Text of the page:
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Knitting Lace Shawls-Tricks of the Trade

posted in: Fiber Arts, Knitting | 4

The Lonely Tree Shawl in Gotland Yarn
I once had a musician tell me the key to singing barbershop harmony was minding your own business, staying focused on your own voice, and not getting confused by all the other voices around you. I find this bit of advice holds true to knitting lace. While knitting the Hermaness Hat for Karen Templer’s hatalong, I did as much unknitting as I did knitting. The reason being that my mind was not focused on my knitting. I had a zillion things racing through my head at that time, and just could not concentrate. I eventually had to put the project down until a time when I could give it my full attention.

Gotland Lace Shawl

Two weeks ago, with a 28 hour car trip ahead of me to deliver my son to college, I felt it a good time to start a larger lace project. With Ginny’s inspiration, I began the Lonely Tree Shawl pattern with my Gotland yarn. Experienced lace knitters have several tricks for keeping track of their work, which I followed this time to avoid unknitting:

Lace Gotland Shawl

  • I used stitch markers to section off the repeats in the knitting. This made it easier to count as I knit and should I make a mistake, I could easily go back and find the exact section where the mistake was made.
  • I printed a copy of the pattern and used a high lighter to mark of each row as I completed it, always ending on a wrong side row. This gave me a visual of my place in  the knitting pattern.
  • I repeated a little rhyme in my head each time I came to a yarn over or a ssk. I found when knitting the Hermaness hat, that my mistakes often came from forgetting the yarn over or forgetting to pass the knitted stitch over the slipped stitch. For this project, I stayed more focused during these portions of the pattern and only forgot the pass over once.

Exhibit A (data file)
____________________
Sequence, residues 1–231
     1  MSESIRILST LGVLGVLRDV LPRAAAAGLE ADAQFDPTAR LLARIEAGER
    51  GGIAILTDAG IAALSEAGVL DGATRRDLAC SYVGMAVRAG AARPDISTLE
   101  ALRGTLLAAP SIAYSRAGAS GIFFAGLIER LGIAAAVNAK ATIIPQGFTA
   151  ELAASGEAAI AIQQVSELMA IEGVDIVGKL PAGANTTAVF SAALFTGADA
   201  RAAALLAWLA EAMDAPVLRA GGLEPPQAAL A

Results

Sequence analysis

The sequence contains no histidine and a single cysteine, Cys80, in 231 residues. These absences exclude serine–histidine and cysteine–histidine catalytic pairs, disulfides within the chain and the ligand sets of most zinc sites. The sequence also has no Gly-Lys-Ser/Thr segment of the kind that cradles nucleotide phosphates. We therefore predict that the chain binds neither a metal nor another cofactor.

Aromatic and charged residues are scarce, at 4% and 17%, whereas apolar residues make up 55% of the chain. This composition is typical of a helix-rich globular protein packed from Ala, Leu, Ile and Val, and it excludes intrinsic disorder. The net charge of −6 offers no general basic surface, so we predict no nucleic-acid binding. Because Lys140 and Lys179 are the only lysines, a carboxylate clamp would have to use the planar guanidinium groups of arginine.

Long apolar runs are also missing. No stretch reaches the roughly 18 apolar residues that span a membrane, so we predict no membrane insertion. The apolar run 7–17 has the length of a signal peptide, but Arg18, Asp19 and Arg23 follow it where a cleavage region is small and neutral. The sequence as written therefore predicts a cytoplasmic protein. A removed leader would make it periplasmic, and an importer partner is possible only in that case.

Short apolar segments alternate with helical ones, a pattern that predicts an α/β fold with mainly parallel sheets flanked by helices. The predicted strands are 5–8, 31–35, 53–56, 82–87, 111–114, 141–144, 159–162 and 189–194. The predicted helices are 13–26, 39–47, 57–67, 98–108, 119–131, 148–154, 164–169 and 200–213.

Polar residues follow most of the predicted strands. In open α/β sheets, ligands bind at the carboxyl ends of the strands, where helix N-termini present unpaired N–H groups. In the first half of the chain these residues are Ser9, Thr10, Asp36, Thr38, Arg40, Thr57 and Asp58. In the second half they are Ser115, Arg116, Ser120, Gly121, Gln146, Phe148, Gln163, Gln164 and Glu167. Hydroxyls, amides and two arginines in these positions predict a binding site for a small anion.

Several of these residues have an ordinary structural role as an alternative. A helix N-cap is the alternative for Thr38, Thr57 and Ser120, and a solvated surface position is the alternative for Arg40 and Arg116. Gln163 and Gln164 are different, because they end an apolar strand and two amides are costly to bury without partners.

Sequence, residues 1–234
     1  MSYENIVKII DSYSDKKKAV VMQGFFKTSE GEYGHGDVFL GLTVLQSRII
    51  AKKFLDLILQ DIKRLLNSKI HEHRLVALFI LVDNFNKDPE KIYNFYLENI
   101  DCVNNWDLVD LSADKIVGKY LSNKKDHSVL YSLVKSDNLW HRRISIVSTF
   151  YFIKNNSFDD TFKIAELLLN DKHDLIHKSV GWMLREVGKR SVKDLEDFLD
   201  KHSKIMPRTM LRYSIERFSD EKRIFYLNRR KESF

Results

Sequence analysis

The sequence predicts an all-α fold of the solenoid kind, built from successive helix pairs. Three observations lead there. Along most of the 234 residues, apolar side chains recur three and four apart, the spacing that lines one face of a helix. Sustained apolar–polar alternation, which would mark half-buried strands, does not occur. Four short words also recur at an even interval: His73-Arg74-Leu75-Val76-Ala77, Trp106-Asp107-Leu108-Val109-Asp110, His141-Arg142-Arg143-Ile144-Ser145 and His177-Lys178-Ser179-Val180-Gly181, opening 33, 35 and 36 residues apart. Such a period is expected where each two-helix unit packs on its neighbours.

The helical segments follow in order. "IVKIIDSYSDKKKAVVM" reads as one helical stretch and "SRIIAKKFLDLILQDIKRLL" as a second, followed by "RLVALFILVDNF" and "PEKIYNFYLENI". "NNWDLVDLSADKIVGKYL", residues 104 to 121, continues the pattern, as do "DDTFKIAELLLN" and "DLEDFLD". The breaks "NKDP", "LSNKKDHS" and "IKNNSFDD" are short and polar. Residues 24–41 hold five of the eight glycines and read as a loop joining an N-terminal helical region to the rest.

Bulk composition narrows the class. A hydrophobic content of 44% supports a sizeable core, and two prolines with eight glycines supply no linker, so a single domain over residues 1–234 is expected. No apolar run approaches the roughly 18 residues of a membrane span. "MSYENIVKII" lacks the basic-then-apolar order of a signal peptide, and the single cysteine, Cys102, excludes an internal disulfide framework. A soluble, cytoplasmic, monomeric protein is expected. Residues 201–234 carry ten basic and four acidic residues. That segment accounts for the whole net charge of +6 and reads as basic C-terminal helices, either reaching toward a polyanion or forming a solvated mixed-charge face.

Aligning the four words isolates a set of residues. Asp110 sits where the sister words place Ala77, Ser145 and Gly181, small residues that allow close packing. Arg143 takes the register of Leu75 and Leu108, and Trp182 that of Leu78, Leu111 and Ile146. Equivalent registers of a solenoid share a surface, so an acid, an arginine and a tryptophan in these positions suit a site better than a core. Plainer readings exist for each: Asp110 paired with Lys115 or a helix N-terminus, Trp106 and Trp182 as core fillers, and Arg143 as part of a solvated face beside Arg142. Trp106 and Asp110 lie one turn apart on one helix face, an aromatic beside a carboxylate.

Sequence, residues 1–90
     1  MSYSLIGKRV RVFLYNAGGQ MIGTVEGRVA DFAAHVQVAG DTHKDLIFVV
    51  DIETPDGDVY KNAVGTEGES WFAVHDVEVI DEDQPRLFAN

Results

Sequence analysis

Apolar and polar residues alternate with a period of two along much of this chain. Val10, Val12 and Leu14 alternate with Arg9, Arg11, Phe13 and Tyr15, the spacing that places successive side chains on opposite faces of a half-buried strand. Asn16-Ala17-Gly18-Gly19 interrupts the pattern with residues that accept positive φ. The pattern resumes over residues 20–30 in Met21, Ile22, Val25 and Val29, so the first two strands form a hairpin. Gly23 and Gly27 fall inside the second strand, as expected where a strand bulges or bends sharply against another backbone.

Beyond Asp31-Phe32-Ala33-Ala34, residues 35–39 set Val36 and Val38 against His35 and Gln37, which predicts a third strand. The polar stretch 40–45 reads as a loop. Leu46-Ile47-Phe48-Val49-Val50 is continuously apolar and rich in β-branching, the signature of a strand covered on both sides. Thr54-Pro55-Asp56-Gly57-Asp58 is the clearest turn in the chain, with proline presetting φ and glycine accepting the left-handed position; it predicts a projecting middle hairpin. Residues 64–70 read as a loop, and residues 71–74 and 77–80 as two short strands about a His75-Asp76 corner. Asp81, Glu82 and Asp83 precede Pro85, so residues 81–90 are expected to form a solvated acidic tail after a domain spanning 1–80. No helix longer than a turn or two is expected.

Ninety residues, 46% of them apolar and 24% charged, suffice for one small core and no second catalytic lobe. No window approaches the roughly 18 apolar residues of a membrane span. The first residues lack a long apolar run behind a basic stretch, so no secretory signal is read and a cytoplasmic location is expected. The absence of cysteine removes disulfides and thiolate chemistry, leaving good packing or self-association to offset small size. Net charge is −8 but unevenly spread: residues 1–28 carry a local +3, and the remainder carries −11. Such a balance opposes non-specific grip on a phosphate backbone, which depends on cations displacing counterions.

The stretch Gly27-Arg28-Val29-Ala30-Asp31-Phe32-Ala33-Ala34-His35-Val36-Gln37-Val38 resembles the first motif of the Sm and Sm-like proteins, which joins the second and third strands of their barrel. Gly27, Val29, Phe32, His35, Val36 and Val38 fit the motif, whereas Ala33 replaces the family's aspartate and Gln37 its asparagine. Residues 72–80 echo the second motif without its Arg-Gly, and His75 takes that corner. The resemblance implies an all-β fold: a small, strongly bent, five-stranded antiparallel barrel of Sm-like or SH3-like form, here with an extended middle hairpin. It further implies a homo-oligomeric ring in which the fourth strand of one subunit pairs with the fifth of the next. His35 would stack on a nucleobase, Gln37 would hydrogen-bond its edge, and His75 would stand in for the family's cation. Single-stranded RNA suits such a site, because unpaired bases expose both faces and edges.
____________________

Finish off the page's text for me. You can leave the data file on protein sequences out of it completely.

• I considered using a life line, running a contrasting piece of yarn through the knitting every other repeat so that if I had to rip out, I would have a stopping point where I could find my place in the pattern.  I ended up not using the life line, as I was more attentive to my work and did not need to do so. Lace Shawl knit with Gotland Yarn

The shawl knit up quickly and I had it completed, washed, and blocked within about 10 days time. I love how the Gotland yarn has such a delicate feel to it. The shawl wraps your shoulders in warmth without hardly knowing it is there. I can see that I will have other lace shawls in my future!

I will have the shawl on display at our booth at the Vermont Sheep & Wool Festival the first weekend in October. If you are planning to attend, please stop by our booth to see our Gotland yarn.

Warm greetings to those stopping by from Ginny’s Yarn Along! Please leave a comment so I know you were here.

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4 Responses

  1. Amanda
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    Ah! Its nice to know I’m not the only one unknitting. I had the simplest pattern this past weekend and I thought I could knit away and be fine but we had company and I was trying to stay a part of the conversation, so wasn’t completely on task. Your yarn is beautiful! I grew up on a sheep farm in Lexington, VA (though more of the Christmas dinner kind and less of the lovely wool kind). Some times I get so homesick for my sheepies.

  2. Pom Pom
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    Gorgeous and PERFECT! Well done! This is my first Yarn Along and I’m having so much fun visiting everyone!

  3. laura
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    Love your shawl in black. I knit it in a golden color two years ago and I still love it. How fun to enter it in the Vermont Sheep& Wool Festival!! Good luck!!

  4. karen sue
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    What a great shawl!! I’m doing a vest and it’s a challenge to keep up with my pattern! I also marked the repeats. and used the life line, but when the little goodie bag got left behind with the yarn needle inside, I losy the life line and got messed up and man, that wasn’t good at all. You sat and knit a bunch at a time and that would surely help! Wonderful!